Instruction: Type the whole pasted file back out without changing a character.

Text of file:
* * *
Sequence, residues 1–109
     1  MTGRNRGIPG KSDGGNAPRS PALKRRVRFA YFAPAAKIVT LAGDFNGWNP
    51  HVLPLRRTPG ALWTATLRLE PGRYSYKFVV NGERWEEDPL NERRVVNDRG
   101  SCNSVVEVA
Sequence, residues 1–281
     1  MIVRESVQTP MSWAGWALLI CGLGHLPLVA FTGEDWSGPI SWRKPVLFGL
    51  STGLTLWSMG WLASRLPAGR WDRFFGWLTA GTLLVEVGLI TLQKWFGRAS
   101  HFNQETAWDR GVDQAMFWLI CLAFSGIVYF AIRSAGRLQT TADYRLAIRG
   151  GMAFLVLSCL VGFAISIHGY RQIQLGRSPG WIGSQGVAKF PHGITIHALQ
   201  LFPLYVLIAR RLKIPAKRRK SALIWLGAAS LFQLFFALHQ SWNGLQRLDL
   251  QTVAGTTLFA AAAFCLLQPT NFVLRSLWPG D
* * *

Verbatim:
Sequence, residues 1–109
     1  MTGRNRGIPG KSDGGNAPRS PALKRRVRFA YFAPAAKIVT LAGDFNGWNP
    51  HVLPLRRTPG ALWTATLRLE PGRYSYKFVV NGERWEEDPL NERRVVNDRG
   101  SCNSVVEVA
Sequence, residues 1–281
     1  MIVRESVQTP MSWAGWALLI CGLGHLPLVA FTGEDWSGPI SWRKPVLFGL
    51  STGLTLWSMG WLASRLPAGR WDRFFGWLTA GTLLVEVGLI TLQKWFGRAS
   101  HFNQETAWDR GVDQAMFWLI CLAFSGIVYF AIRSAGRLQT TADYRLAIRG
   151  GMAFLVLSCL VGFAISIHGY RQIQLGRSPG WIGSQGVAKF PHGITIHALQ
   201  LFPLYVLIAR RLKIPAKRRK SALIWLGAAS LFQLFFALHQ SWNGLQRLDL
   251  QTVAGTTLFA AAAFCLLQPT NFVLRSLWPG D